On August 3 Phil Davis defeated Lyoto Machida, the number one ranked contender in the UFC’s light heavyweight division. It’s true. Davis stood in the center of the Octagon in Brazil, and listened as he was declared the winner on all three judge’s scorecards. Davis even got his hand raised by referee Leon Roberts so that everyone could see that he was the victor. His reward for the win? Sitting at the post-fight press conference and hearing that another fighter, who will be facing the tenth ranked light heavyweight, is penciled in for the next light heavyweight title shot.
That’s right, Phil Davis (12-1-0-1), who has only lost to former UFC light heavyweight champion Rashad Evans is very likely to be passed over for a title shot, and that shot is likely to go to Glover Teixeira (21-2), who’s biggest win is a unanimous decision over Quinton Jackson, in what was Jackson’s last fight with the UFC. Yes, Jackson is a former UFC light heavyweight champion, but no one, not even Jackson himself, will claim that the 2013 Rampage is the same fighter as the 2007 version that held the UFC title.
In some ways, Davis getting passed over on the very night he defeated the top ranked contender is puzzling. In other ways, it’s totally understandable.
In a perfect world, where rankings are paid more than lip service, defeating the top contender would make the victor the number one contender. We don’t live in a perfect world, we live in Dana White’s world. A world were letting a fight go to the judges is often viewed as being one step below a mortal sin.
It also didn’t help Davis’ cause that the boss took to twitter to announce that he had Machida winning the fight on his unofficial scorecard.
In Dana White’s world, winning and not sustaining a ton of brain trauma, something Davis did in Brazil, is also something that is worthy of his derision. While he did not unleash a stream of vitriol in Davis’ direction following UFC 163’s co-main event, the same cannot be said of the recent UFC on Fox 8 co-main event.
In that fight, Rory MacDonald use a solid game plan, utilizing the jab to pick apart known knockout artist Jake Ellenberger. For his performance, MacDonald heard White talk about how his “fight sucked so bad,” and how, “you don’t want to put on too many performances like that. It’s not good for anybody. It’s not good for him, it’s not good for us, it’s not good for the sport. Not good for FOX. Definitely not good for pay-per-view.”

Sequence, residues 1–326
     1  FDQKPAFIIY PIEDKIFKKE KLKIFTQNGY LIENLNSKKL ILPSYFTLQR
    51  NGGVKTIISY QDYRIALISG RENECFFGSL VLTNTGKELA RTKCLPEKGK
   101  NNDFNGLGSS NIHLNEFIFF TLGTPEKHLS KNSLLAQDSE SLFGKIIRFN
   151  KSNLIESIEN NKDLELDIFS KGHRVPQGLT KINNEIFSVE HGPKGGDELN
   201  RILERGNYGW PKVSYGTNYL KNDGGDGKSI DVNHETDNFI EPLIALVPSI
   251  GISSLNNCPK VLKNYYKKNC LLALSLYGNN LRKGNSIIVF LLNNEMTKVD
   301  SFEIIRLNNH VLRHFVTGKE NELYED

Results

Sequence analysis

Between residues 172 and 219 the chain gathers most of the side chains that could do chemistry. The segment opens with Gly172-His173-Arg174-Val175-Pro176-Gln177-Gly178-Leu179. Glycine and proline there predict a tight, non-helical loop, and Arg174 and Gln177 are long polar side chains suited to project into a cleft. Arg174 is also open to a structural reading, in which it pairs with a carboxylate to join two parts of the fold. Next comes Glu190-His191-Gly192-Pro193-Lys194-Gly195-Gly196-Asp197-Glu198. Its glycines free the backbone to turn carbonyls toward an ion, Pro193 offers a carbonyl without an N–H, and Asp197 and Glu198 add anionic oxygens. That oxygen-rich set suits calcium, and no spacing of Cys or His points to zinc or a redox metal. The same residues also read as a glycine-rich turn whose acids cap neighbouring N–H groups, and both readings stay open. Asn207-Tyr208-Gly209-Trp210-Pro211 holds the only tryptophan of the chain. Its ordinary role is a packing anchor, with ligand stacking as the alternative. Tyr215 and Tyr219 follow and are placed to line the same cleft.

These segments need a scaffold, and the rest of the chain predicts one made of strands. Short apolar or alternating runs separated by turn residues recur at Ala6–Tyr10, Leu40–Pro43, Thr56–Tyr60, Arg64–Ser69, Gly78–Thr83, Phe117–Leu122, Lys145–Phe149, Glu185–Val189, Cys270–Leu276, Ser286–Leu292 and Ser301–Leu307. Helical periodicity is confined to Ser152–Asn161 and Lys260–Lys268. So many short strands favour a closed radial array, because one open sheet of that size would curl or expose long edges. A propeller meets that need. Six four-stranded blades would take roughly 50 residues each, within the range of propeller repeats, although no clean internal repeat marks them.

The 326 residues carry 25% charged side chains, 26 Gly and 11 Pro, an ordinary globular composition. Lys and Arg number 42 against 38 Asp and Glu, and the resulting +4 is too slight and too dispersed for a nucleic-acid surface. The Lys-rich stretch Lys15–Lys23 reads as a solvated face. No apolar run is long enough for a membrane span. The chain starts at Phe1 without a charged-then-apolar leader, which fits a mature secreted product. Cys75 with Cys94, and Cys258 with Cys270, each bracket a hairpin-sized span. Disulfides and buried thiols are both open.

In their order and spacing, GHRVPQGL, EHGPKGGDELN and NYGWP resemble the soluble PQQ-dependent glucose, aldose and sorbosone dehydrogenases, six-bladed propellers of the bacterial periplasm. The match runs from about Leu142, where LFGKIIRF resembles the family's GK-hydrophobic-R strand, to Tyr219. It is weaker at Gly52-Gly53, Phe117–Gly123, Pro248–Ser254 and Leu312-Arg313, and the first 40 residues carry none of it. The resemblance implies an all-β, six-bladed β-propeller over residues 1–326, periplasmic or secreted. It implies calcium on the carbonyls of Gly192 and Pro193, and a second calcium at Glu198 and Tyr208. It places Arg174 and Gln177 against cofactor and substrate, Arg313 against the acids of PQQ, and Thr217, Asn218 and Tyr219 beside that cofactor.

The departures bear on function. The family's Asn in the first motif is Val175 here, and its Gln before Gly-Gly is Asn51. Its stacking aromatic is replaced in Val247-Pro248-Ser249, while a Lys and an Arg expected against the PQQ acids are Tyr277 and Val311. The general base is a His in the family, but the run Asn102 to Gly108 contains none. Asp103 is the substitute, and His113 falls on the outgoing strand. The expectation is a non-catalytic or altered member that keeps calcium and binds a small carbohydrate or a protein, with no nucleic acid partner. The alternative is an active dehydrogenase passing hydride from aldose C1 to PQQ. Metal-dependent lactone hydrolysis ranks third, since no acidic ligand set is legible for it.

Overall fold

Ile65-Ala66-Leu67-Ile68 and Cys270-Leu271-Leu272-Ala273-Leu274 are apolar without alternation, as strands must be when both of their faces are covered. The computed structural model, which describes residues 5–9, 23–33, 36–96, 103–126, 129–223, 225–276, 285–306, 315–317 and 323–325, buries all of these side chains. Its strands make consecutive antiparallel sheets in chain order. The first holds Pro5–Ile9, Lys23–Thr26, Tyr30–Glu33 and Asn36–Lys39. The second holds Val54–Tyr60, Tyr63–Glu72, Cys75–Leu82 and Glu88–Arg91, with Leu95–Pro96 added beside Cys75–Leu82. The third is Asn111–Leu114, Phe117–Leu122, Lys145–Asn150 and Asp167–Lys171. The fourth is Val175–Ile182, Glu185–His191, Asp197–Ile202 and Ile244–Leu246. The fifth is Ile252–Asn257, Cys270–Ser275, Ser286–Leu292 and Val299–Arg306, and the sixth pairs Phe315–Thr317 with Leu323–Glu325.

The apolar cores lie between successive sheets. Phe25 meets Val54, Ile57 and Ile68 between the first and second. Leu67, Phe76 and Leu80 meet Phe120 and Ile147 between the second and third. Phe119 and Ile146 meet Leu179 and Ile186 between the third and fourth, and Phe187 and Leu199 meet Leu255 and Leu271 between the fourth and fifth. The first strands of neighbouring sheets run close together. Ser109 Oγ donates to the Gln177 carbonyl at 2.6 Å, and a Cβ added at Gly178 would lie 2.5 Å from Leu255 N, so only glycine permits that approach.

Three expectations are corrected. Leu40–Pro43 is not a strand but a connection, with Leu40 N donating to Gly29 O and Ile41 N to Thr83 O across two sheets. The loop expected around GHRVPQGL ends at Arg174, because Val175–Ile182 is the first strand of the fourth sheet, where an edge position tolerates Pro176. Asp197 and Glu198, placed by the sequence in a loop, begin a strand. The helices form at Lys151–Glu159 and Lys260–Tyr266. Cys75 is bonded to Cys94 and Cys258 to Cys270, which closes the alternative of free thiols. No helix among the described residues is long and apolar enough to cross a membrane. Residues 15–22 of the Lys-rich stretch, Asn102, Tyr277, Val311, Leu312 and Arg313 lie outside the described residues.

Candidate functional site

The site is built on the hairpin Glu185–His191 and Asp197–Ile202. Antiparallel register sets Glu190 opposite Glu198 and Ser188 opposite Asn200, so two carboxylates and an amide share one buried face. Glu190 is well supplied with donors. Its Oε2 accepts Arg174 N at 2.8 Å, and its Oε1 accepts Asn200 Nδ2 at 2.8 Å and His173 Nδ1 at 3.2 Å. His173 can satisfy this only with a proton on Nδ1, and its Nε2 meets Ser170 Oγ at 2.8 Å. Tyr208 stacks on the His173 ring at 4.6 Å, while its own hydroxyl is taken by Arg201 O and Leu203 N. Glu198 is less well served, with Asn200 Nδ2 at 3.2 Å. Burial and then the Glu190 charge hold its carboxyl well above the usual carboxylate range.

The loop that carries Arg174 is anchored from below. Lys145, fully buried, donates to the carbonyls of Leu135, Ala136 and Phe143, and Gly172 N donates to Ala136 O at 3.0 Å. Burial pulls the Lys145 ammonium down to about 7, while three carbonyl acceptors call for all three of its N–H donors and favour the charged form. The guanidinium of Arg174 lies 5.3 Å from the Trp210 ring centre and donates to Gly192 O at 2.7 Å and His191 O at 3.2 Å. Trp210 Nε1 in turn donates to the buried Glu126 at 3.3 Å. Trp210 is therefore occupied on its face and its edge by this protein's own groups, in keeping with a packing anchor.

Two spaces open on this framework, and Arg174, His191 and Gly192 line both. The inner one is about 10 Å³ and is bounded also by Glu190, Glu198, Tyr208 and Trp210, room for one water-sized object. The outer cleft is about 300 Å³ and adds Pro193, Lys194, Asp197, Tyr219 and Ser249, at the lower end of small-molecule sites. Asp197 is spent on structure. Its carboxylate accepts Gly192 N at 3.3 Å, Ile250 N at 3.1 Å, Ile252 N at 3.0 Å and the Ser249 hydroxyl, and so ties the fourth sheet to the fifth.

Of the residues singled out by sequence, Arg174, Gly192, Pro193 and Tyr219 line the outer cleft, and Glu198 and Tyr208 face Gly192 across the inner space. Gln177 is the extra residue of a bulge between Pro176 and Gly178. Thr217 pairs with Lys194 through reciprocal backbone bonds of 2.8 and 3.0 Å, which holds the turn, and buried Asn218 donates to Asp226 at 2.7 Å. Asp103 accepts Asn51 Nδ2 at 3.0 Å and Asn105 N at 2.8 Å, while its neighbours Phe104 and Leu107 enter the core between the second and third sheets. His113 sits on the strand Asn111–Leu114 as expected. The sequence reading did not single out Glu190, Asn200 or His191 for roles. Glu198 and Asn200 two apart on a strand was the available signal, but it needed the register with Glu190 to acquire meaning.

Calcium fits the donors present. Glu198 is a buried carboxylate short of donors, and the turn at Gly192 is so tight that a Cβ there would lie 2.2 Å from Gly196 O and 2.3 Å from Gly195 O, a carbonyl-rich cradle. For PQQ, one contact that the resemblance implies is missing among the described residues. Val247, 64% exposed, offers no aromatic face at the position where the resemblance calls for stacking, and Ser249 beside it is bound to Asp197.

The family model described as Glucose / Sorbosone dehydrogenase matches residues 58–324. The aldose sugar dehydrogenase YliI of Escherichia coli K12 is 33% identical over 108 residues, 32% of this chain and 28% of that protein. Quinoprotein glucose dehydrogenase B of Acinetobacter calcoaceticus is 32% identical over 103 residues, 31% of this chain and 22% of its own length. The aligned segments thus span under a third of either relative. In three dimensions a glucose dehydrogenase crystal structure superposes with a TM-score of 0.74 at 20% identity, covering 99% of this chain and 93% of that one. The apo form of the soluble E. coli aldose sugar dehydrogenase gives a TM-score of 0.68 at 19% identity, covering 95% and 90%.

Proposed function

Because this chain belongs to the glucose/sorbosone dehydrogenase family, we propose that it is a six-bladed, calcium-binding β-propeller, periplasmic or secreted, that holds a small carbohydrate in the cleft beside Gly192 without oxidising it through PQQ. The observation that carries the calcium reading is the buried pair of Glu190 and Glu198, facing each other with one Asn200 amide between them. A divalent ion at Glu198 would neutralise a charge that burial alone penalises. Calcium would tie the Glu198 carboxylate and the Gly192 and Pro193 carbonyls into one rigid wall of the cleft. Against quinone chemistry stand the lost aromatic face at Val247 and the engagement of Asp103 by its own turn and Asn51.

MacDonald and Ellenberger were top five fighters going into that bout. MacDonald’s win should have had the UFC talking about him as being under consideration for a title shot. Instead, he heard how White thinks that no one will be screaming to see MacDonald fight again in the near future.
It wasn’t said, but Davis probably landed on the island of the misfit UFC fighters after his win over Machida. He fought smart, he used a good game plan, and he convinced gained late takedowns which always count in the eyes of the judges. He won.
Was the fight the most exciting bout on the card? Not by a longshot, but Davis did what he needed to do, beat the top contender in the division. For that he gets what? A pat on the back and shoved to the side.
Which brings us to Teixeira. Right now he’s one of those fighters that the UFC loves, a fighter that is being pushed as the next big thing in the light heavyweight division. Unlike Davis’ last few fights, Teixeira is “exciting”, and that seems to have more value to the promotion than just a plain old win over the top contender in the division.
However, don’t think that a title shot is all wrapped up in a bow for Teixeira. If he wants a fight when the winner of the Jon Jones versus Alexander Gustafsson bout he’s going to need to deliver, in the words of UFC executive Marshall Zelaznik, delivered at the UFC 163 post-fight press conference, “a strong win” and a “big victory” over Bader. In other words, don’t win like Davis or MacDonald.
It should also be noted that Gustafsson, the man challenging Jones for the title at UFC 165, has only one defeat in his career, a first round submission to Davis.
If Davis is looking in the mirror right now, wondering, “what’s about me?” I can’t say I’d blame him. If I was Teixeira I would ask for clarification of what exactly defines a “strong win” or a “big victory,” as some of these terms seem pretty arbitrary these days.